As globalization continues to shape the world, higher education is one of many arenas that have been broadly impacted. As U.S. universities expand their reach across the globe in an attempt to internationalize their campuses, one approach open to them is a strategic alliance, or partnership, with another international institution of higher education. Therefore, it is important to understand the underlying factors that influence and shape these relationships. This study explored one aspect of the internationalization process by specifically examining bilateral partnerships between institutions of higher education in the context of interorganizational relationship theory in an attempt to better understand how these relationships are formed and maintained. More specifically, international partnerships are defined as any agreement between an institution or any subunit of an institution that links that institution to an international partner for the purpose of exchange and sharing of knowledge, people or resources.
The following research questions guided this research: how does entry motivation impact the relationship; how important is the individual within the relationship; and, how are these relationships understood and valued by those interacting within them? The study employed an interpretive case study analysis of two partnered institutions of higher education in an attempt to understand the "intricacies" of these relationships on two levels: the historical perspective based in the agreements that established the relationships; and how the realities of the relationships are understood through individual experiences and perceptions. The two universities, one in the United States and the other in South Africa, maintain four exchange agreements. These four partnerships, and the individuals familiar with them, provided the core information for this study.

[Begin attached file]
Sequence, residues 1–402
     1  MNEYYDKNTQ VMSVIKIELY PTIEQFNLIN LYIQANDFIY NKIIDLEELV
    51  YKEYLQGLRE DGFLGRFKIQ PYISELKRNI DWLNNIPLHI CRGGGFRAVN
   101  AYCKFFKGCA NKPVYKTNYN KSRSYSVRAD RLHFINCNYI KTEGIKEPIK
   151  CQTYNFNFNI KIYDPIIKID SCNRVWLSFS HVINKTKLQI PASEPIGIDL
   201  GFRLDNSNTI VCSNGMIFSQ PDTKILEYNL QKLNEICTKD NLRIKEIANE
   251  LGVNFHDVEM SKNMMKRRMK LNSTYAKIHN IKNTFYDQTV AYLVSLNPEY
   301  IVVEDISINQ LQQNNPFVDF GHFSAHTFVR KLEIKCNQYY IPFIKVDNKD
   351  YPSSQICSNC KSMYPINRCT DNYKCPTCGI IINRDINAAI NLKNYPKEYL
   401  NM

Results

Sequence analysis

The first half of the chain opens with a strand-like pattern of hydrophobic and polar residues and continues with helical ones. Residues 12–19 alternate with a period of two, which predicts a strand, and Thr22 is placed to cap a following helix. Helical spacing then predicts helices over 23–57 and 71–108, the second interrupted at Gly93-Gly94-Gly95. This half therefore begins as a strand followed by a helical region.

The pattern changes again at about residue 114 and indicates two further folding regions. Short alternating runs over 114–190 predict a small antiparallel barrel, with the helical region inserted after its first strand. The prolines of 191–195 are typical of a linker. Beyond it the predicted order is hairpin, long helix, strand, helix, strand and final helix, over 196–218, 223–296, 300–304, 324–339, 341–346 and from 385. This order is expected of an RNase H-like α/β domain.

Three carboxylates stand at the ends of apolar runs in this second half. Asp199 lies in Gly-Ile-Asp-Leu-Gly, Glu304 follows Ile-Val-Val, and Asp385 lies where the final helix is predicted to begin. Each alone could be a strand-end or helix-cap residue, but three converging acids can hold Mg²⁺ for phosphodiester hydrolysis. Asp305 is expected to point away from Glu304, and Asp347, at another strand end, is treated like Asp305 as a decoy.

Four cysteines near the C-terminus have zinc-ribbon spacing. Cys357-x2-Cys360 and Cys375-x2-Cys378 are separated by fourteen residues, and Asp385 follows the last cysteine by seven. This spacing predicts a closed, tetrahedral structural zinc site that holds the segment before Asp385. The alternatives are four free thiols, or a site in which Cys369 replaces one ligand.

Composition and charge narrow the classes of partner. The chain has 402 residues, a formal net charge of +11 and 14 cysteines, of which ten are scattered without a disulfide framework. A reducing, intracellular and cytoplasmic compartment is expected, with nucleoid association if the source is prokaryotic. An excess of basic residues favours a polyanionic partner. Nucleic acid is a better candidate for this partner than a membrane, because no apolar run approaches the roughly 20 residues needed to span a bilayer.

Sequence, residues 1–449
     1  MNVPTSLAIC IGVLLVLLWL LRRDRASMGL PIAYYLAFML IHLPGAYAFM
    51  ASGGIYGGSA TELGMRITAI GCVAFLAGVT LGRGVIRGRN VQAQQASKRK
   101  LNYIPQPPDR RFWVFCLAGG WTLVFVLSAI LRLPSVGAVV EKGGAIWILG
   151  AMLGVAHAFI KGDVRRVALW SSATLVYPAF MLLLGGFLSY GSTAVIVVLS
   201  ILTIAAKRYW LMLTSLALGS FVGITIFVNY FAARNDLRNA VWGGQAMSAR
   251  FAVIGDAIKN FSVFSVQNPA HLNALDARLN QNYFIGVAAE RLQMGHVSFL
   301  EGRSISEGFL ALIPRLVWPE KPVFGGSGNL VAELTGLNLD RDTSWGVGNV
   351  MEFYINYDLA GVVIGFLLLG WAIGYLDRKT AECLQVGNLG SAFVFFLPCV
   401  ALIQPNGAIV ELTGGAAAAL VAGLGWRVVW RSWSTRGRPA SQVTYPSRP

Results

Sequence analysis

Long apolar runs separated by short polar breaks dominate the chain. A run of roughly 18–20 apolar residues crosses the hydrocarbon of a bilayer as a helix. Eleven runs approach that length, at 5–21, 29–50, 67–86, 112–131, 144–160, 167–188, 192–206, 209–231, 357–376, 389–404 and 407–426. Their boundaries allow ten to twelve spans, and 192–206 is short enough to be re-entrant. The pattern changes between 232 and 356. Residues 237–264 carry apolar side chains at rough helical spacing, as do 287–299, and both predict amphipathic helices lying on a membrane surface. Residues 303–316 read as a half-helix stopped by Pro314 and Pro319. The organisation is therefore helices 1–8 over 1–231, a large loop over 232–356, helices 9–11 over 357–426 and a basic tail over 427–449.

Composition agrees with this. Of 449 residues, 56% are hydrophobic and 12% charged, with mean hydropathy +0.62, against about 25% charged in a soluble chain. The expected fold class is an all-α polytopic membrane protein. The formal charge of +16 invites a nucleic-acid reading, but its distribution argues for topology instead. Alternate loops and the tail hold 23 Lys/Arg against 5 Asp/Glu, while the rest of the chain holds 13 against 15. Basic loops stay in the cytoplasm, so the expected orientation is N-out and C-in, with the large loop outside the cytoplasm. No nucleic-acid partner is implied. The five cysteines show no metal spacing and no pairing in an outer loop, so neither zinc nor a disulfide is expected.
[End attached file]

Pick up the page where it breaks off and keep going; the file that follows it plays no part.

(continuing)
Understanding how these partnerships were formed and how they function might guide university faculty and staff who are interested in forming international partnerships. The partnerships in this study exhibited a lack of communication and were not highly structured. Only with articulated goals, processes, and increased communication between the partners can these joint ventures evolve into international partnerships that are valued by the individuals involved and therefore by the institutions whose goals they support.
|Commitee:||Astuto, Terry, Stage, Frances|
|School:||New York University|
|Department:||Administration, Leadership, and Technology|
|School Location:||United States -- New York|
|Source:||DAI-A 71/12, Dissertation Abstracts International|
|Subjects:||International Relations, Higher education|
|Keywords:||International, International education, Interorganizational, Partnership, South Africa, United States|
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